GREENVILLE, Miss. (AP) – A fire has destroyed Mount Holly Plantation, a historical Antebellum home overlooking Lake Washington.
The fire was reported about 4:30 a.m. Wednesday.
Mike Jones, who lives a mile up the road from Mount Holly, tells the Delta Democrat-Times only the walls were left standing.
The cause of the fire is under investigation.
The 30-room mansion was completed in 1856 for Margaret Johnson by her father. It was added to the National Register of Historic Places in August 1973.
Mount Holly, built of slave-made brick with 14-foot ceilings and 2-foot thick walls, was once owned by the family of Shelby Foote, a Pulitzer Prize-winning Civil War historian.
In 1944, the Cox family took over the plantation. Greenville Mayor John Cox says his family owned the plantation until 1974.
Mississippi goes through hurricane ‘contraflow’ drill
HATTIESBURG, Miss. (AP) – Southern District Transportation Commissioner Tom King would just as soon see any emergency protocols dealing with violent weather sit gathering dust with nothing but sunny days and blue skies.
But with hurricane season officially underway, King, Mississippi Department of Transportation and Mississippi Highway Patrol personnel gathered Tuesday to oversee a drill that would speed traffic evacuating from the Gulf Coast and New Orleans.
The Hattiesburg American reports about 200 people took part in a “contraflow” drill.
The drill, which alternates years between Interstate 59 and Interstate 55, mimics a scenario where the interstate would be closed to southbound traffic, opening all four lanes to bring traffic north during a coastal evacuation.
The only time that call has come was ahead of Hurricane Katrina in 2005.
Gulfport-Biloxi airport to offer expedited screening process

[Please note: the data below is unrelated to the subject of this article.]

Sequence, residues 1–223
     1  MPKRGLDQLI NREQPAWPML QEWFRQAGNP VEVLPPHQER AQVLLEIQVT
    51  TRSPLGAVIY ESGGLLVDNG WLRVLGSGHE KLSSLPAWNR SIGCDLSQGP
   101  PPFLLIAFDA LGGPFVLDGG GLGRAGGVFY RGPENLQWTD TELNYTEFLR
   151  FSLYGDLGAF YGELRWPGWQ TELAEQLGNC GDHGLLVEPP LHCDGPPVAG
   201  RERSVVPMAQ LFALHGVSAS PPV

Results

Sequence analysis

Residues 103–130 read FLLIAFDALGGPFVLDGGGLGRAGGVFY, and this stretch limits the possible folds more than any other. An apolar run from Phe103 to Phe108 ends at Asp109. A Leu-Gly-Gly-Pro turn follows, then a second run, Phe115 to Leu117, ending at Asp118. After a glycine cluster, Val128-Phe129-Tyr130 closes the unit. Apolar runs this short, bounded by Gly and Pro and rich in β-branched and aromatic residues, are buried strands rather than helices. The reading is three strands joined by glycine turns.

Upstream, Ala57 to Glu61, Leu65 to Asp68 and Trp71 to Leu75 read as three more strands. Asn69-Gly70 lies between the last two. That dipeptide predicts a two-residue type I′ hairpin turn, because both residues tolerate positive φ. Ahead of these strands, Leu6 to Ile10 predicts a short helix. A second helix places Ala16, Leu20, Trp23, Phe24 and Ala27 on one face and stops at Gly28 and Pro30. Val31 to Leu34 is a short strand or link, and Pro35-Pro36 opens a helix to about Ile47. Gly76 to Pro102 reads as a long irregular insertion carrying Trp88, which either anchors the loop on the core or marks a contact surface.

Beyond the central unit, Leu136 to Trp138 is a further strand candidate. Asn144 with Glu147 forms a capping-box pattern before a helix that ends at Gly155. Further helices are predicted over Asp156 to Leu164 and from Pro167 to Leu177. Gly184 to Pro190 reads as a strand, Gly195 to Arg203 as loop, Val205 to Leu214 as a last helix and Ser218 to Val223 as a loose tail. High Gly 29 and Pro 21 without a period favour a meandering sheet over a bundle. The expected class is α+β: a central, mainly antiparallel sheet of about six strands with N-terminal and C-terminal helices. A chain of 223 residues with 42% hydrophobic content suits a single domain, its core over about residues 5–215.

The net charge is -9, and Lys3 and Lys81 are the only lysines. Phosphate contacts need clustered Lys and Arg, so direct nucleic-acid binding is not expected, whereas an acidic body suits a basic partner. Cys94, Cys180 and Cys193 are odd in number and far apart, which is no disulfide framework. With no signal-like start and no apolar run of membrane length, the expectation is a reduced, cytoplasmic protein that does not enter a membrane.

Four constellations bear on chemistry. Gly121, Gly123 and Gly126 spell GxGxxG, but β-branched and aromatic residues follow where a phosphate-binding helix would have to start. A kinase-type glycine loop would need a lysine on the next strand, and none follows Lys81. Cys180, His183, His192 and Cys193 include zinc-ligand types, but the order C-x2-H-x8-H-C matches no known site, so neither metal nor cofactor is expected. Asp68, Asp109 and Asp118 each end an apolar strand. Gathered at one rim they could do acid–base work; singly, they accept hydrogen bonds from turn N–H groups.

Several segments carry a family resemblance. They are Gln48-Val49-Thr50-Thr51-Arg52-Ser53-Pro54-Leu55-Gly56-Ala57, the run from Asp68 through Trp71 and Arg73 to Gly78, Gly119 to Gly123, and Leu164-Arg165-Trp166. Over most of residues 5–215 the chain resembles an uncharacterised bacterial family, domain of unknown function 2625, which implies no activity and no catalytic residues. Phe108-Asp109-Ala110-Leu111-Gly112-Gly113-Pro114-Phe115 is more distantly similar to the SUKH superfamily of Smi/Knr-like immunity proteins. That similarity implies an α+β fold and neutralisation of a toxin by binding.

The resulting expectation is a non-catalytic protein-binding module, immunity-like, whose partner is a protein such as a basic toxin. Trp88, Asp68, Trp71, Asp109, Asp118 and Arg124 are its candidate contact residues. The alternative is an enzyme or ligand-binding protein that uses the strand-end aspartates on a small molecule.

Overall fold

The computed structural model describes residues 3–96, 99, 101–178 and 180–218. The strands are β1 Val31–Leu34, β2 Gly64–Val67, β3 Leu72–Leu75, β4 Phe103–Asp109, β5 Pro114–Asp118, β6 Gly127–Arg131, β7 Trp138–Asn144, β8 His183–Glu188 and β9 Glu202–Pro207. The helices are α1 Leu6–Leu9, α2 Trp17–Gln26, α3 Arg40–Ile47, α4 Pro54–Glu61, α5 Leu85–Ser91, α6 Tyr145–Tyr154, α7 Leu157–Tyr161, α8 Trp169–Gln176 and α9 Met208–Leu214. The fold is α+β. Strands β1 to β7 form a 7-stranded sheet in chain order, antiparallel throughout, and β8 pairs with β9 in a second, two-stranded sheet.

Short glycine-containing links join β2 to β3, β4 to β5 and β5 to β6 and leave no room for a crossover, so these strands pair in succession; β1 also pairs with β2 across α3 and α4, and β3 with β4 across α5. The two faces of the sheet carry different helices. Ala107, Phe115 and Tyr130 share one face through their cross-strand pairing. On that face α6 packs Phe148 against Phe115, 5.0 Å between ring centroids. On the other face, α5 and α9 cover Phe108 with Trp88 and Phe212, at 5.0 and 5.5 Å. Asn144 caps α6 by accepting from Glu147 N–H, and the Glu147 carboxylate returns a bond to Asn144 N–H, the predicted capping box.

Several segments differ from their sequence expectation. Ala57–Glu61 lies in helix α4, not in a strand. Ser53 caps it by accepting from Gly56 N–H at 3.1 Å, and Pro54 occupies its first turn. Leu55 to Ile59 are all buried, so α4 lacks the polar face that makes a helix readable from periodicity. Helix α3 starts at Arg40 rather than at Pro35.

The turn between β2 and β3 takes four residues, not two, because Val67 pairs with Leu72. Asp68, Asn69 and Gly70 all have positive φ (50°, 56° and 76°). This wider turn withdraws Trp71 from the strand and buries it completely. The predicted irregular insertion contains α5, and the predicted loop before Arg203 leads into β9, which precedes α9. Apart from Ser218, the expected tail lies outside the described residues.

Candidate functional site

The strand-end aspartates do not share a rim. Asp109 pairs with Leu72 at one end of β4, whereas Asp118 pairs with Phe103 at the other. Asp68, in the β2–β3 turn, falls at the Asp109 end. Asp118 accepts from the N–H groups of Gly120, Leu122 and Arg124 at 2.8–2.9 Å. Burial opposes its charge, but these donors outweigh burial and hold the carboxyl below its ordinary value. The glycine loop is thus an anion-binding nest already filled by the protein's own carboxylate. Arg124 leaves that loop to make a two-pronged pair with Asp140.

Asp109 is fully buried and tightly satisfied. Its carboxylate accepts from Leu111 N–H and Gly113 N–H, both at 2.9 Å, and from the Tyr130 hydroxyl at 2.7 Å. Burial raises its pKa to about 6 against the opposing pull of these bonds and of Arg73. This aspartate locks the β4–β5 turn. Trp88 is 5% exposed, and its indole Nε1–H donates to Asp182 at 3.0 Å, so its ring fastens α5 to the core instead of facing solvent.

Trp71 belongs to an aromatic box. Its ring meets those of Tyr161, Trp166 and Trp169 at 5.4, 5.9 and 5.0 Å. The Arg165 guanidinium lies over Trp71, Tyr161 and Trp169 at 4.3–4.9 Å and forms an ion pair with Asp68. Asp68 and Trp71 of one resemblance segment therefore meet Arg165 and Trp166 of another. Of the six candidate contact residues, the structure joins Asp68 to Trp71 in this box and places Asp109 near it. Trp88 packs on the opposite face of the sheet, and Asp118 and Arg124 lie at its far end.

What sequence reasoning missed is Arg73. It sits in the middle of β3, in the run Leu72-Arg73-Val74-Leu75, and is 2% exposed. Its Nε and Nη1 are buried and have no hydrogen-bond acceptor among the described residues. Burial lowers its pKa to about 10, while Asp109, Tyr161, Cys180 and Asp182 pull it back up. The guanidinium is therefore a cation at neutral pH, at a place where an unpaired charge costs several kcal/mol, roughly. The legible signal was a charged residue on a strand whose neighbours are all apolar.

GULFPORT, Miss. (AP) – The Transportation Security Administration will begin an expedited screening process for select flyers at the Gulfport-Biloxi International Airport.
Officials said the new screening process will allow flyers to leave on their shoes, light outerwear and belt, keep their laptop in its case and keep compliant liquids and gels in their carry-on bag.
Airport Authority Executive Director Clay Williams tells The Sun Herald having expedited screening is a great convenience for passengers.
The South Mississippi airport will become one of only 150 airports in the country where passengers can experience the expedited screening.
Judge mulls whether teacher license hearing can continue
JACKSON, Miss. (AP) – A judge will decide next week whether Mississippi education officials can restart a license revocation hearing for a Clarksdale teacher who is accused of cheating on standardized tests.
Frances Smith-Kemp’s attorney says state law specifies a teacher would have to be convicted of a misdemeanor charge of misconduct before a license revocation hearing can be held.
But, attorneys for the state Department of Education disagree. They say a specific portion of state law allows a revocation hearing to move forward without a misdemeanor charge being prosecuted. They say revocation is a civil procedure, and a misconduct charge would be a criminal procedure.
Hinds County Chancery Judge Dewayne Thomas heard arguments Wednesday.
Smith-Kemp is accused of coaching her elementary school students during standardized tests, and of changing some of their answers.
New superintendent for Amory schools
AMORY, Miss. (AP) – The Amory School Board has hired a high school principal as the new superintendent.
The Monroe Journal reports that Ken Byars will replace superintendent Tony Cook, who is returning to his hometown of Houston to serve as superintendent of that district. Byars will begin work July 1.
Byars came to the district in January 2013 as principal of Amory Middle School, then went on to serve as principal of the high school for the 2014-15 school year.